Monday, May 22, 2023 - 09:47 by ce-press
There are many cruise ports around the world that regularly enjoy calls in excess of 200 per year, including even the largest ships.
Then there are others, such as Harlingen situated north of Amsterdam, in the Friesland region of Holland, which is so tiny, it has to fight every step of the way to receive just one call.
Harlingen is unique. The port was integral to the Dutch Golden Age of shipping and exploration going back to the 1300’s. In addition, the approach is from the Wadden Sea, a UNESCO World Heritage Site in its own right, due to the thousands of species of sea-life that make the area their home.
Such is the approach to the port, only ships of up to a maximum of 160m length overall can call, making it ideal for specialist small-ship and expedition companies to call. Due to the Wadden Sea approach, the nearest suitable tendering point is 15 nm away, which is too far for passengers.
Harlingen is , therefore, celebrating receiving three different cruiselines in a single week: on May 1 Hurtigruten’s Fridtjof Nansen called, to be followed two days later by Plantours’ Hamburg, and soon afterwards Grand Circle’s Clio.
Kathe Kuperus, managing director Cruise Port Harlingen, comments: “We are very fortunate to have the backing of the municipality which is very keen to receive ocean going cruiseships in addition to our regular river cruise programme and supports the operation accordingly. In addition, because the port is so small, the ships all stand out magnificently and so residents are keen to come out and welcome the guests.”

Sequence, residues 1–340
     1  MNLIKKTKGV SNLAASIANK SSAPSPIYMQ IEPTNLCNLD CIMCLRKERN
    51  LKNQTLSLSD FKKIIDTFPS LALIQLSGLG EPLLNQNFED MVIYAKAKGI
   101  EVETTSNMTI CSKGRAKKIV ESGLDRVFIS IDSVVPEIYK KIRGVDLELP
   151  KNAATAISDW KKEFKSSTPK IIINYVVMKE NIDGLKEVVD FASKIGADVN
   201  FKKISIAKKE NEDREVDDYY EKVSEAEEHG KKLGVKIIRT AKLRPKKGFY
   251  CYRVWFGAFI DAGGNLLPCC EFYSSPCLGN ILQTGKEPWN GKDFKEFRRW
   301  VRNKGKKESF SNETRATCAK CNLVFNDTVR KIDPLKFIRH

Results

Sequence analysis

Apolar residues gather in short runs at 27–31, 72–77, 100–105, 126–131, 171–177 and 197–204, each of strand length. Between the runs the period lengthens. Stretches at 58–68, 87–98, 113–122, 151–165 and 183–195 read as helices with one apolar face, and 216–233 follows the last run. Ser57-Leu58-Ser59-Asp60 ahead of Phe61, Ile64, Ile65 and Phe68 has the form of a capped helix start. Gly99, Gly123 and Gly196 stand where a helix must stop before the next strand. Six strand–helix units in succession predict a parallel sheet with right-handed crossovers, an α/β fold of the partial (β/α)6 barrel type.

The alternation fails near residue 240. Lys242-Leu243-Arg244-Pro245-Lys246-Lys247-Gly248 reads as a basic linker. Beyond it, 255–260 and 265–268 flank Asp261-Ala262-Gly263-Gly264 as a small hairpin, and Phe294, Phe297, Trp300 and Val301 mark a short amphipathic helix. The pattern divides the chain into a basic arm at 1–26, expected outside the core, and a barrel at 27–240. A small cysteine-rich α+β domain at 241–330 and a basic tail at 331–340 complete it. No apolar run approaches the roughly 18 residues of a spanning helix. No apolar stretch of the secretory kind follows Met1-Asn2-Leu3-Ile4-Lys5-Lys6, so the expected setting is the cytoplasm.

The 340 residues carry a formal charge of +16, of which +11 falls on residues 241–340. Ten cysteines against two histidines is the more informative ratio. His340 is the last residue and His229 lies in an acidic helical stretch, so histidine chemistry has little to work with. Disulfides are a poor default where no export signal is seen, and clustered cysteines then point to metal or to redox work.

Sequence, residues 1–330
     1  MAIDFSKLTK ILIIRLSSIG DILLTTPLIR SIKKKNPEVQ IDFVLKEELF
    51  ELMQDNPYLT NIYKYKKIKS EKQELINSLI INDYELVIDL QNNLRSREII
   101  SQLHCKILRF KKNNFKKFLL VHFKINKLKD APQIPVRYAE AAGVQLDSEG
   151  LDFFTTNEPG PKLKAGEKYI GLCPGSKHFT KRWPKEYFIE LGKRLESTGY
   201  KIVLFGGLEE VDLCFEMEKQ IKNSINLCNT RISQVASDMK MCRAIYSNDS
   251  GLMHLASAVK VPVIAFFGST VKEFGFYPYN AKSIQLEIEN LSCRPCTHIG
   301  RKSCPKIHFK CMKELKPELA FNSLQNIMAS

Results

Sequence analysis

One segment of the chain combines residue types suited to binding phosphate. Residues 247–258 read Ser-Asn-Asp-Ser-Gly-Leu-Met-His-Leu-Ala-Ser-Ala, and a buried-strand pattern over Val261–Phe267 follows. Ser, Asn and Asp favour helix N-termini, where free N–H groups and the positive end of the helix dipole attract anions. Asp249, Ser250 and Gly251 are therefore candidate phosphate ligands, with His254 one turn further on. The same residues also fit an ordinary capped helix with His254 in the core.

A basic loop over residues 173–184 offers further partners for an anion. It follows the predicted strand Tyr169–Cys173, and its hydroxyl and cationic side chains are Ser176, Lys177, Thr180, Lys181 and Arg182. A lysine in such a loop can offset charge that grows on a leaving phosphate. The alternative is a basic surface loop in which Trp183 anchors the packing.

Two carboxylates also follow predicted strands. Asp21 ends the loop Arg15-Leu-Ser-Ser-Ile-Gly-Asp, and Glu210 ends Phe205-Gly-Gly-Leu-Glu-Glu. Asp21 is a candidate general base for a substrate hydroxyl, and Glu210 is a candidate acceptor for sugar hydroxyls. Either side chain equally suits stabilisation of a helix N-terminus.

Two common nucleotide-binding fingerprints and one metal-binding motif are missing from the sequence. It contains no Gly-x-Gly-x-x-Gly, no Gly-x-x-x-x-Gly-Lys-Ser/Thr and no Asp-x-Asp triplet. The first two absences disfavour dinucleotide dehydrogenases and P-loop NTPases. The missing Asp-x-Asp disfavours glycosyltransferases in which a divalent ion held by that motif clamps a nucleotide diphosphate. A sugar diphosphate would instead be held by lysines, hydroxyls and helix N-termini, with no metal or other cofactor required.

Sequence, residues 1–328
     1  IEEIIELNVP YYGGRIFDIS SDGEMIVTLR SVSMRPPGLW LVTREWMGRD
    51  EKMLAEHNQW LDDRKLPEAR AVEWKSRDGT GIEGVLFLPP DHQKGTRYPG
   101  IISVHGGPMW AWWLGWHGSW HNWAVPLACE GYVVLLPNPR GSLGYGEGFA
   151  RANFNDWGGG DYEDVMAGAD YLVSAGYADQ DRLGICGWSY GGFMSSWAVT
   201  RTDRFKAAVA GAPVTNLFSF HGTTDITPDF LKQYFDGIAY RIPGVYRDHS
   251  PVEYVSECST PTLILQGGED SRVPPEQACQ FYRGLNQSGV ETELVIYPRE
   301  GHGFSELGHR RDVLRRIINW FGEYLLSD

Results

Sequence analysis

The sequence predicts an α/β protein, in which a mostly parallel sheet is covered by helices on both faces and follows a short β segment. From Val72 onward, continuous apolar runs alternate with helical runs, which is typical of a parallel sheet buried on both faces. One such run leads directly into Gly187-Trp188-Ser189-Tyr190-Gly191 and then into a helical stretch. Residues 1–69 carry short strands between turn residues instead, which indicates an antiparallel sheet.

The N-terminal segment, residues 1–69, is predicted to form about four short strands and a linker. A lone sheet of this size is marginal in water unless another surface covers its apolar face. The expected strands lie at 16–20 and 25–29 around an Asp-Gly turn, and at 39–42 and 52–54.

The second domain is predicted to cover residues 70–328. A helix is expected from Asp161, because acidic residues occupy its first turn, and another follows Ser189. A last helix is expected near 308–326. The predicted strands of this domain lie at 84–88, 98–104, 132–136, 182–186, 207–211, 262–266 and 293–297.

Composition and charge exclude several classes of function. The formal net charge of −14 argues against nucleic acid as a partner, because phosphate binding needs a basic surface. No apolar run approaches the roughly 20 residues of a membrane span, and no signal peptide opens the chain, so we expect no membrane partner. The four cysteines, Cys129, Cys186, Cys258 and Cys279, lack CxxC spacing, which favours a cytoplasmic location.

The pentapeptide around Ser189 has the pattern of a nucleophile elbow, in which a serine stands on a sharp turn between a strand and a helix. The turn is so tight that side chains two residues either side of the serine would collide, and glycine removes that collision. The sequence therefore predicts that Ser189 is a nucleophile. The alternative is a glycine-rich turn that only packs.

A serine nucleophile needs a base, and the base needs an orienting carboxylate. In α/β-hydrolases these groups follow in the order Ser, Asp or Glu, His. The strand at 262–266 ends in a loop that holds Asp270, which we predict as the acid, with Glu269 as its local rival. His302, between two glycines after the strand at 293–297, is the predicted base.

Joint managing director Janneke Nieuwhof adds: “Everything in the town is so close for people to go on guided walking tours of the old town but, more popular with expedition lines, is the ability to tour the town on the canals using the ships’ own zodiacs. In addition, there are so many sites close by, ranging from the world’s oldest planetarium to Leeuwarden - European Capital of Culture 2018 - and the 32km Afsluitdijk, keeping the people of the Dutch lowlands dry.
UK-based port and destination consultant David Selby, who is helping the port, adds: “I only work with destinations that I believe have potential and where I know the cruiselines can make it work and guests will have a great time. Covid got in the way of progress, but our efforts are really starting to pay off. It’s not just one call per season, but several, which makes a significant difference.”
Next year is already starting to look like it will outstrip 2023, so its onwards and upwards for Harlingen.